Wednesday, 20 January 2016
As this is the first in the Legends Of The Nameless Dwarf series it is, in effect, an origin story. There is a good deal of set up and foreshadowing but that doesn't get in the way of a bloody good yarn.
Our hero is Carnifex, a member of the Ravine Guards. He is a likeable guy, a bit gruff maybe but I guess that's a typical Dwarf. He has a brother who is a scholar and a father who was told, in a kind of prophecy, that his sons were special (I'm really trying not to drop spoilers here)
The society of the Dwarves is very insular with absolutely nobody allowed to leave The Ravine. If any Dwarf does venture into the outside world they face exile and, more importantly, being stripped of their name (you can see where we are going here can't you) and having it erased from history.
As you would expect from a fantasy 'origin' book there is a good deal of history but not enough to bog the story down, there are 'artefacts' and monsters (mainly in the form of Golems who provide a real test to our hero.
By the end of the story I thought I had an idea of what the outcome would be but I was wrong footed I guess.
And then we come to the final scene. It's not often I'm left speechless but this was one of those times. WOW!!
I like my fantasy big and sprawling but in this instance I was happy to just spend time with the Dwarves. The city/Dwarven Homeland was believable and well thought out, the society and hierarchy worked and, to be honest, I had a bloody good time with this book.
I'm looking forward to the rest of this series, a lot.
I'm going to give Carnifex 8.5/10 stars just because I'm expecting even better in future volumes.
A very, very good 1st volume
Friday, 15 January 2016
What we have here is a story about a youngster called Jack who, as the title suggests, has monsters inside. These 'monsters' are the temper tantrums that come to the fore when he gets frustrated.
With some help from his mum Jack learns how to cope with his 'monsters' and keep them inside and making things nicer for everyone.
And that is, I guess, the main purpose behind this quite lovely book. The 'coping mechanism' that Jack learns with his mum is really quite easy to learn and will benefit children and parents both (I tried it for myself and it works).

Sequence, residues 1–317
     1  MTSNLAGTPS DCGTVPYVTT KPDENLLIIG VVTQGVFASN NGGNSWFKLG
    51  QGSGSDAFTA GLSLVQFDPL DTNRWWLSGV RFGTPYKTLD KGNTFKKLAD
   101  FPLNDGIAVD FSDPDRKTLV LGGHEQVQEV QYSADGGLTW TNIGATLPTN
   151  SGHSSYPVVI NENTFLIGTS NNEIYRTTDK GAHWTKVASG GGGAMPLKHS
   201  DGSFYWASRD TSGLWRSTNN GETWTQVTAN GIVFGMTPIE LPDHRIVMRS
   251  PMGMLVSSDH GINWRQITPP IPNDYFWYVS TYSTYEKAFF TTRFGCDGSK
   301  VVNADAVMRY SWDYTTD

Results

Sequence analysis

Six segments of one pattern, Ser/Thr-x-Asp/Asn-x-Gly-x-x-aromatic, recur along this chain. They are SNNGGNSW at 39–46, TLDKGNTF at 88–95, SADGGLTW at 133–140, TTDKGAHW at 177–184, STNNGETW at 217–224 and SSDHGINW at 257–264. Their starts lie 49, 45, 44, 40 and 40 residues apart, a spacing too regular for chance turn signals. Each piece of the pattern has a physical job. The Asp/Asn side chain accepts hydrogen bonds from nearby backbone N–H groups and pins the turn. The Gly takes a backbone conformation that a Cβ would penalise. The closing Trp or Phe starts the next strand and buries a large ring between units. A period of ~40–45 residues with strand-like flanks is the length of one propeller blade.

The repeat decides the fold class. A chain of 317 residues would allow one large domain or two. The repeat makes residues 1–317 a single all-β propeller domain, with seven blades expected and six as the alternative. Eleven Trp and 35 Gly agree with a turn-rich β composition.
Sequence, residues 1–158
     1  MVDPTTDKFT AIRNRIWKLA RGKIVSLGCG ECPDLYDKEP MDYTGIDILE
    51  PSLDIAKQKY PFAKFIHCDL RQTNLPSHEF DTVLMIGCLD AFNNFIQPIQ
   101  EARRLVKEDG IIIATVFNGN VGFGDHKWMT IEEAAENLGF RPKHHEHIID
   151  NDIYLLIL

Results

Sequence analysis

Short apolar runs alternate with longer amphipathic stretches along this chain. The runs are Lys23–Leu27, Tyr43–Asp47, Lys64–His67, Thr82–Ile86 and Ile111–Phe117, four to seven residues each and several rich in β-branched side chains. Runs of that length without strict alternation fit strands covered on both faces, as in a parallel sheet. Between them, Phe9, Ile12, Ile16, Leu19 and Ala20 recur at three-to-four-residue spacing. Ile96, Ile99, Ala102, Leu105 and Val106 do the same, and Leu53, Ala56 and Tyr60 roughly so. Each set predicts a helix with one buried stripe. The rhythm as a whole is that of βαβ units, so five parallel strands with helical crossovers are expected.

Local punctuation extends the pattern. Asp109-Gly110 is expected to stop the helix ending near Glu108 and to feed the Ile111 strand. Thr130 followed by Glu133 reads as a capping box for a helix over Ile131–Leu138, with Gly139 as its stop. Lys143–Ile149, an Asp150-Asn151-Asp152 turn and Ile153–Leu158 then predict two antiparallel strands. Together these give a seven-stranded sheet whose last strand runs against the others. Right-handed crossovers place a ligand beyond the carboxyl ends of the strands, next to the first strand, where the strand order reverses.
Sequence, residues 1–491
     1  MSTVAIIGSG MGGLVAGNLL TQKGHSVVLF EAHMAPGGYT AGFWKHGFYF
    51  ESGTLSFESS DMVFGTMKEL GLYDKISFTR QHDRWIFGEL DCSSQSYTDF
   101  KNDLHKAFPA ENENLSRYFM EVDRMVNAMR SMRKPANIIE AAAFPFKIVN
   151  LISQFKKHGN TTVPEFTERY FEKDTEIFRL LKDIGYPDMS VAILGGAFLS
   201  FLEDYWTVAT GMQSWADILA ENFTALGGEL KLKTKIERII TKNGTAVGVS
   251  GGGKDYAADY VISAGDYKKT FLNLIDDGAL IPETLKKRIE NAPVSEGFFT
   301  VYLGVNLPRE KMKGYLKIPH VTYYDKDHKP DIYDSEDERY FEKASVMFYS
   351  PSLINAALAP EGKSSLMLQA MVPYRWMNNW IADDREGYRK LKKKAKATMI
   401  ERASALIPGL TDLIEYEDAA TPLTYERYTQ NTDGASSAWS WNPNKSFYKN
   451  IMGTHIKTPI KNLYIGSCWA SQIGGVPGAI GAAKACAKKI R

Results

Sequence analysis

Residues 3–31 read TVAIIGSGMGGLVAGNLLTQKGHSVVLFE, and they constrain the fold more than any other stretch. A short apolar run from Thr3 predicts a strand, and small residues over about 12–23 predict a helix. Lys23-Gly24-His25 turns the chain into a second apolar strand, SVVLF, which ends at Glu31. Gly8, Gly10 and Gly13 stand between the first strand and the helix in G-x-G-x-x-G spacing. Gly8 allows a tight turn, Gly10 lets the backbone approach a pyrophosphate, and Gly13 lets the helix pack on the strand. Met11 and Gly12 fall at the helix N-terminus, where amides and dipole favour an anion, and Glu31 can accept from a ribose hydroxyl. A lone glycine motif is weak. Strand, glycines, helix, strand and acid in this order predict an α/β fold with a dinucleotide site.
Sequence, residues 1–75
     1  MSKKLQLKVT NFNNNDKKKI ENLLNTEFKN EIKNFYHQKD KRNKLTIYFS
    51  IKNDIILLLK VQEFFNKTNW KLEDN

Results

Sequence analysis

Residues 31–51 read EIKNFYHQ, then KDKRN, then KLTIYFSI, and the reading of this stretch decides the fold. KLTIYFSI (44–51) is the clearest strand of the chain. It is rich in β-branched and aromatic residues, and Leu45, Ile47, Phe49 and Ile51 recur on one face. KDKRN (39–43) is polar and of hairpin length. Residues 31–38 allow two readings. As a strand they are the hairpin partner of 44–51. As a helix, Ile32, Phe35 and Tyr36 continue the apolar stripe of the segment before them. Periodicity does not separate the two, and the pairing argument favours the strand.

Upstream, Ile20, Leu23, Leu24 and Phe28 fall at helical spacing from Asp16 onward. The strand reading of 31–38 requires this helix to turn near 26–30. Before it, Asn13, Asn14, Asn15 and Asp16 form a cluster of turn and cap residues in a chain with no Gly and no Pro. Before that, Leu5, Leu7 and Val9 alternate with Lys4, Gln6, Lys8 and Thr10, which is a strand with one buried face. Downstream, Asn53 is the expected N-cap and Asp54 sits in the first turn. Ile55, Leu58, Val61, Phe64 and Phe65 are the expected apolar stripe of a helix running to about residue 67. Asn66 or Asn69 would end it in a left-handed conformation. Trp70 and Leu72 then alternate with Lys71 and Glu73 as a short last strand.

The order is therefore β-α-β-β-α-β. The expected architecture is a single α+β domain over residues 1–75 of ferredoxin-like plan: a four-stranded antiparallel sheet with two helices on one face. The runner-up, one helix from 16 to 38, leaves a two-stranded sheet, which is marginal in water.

As well as been a really nicely told story (nice rhyming verse style and quite catchy) this book comes with some really beautiful illustrations by Jemina Venter that capture the approaching storm as Jack's 'monsters' prepare to raise their heads and the return to happy Jack after.
It may sound corny to say every family should have a copy of this book, or at least give it a try, but I honestly believe it.
A lovely and informative tale with beautiful illustrations - 5/5 stars
Wednesday, 13 January 2016
I have been a fan of Graham Masterton's horror fiction for 30+ years but this dip into his crime fiction left me feeling a tad short changed.
A priest is found dead in the garden of an old religious lady who has been threatened by 'Satan' on several recent occasions. 'Satan' told her, apparently, to sell up and move to somewhere else (although the police seemed to not notice when she told them that). The search for the murderer leads to a local tools firm who's land gives the only other point of access to the old lady's garden.
I made a point of finishing this as it was a short story but, to be honest, if it had been much longer I'd have probably bailed. The 'who' was pretty obvious from the outset and not exactly challenging.
There are several full length novels in this series so I may give them a try at some point but I don't have high hopes for them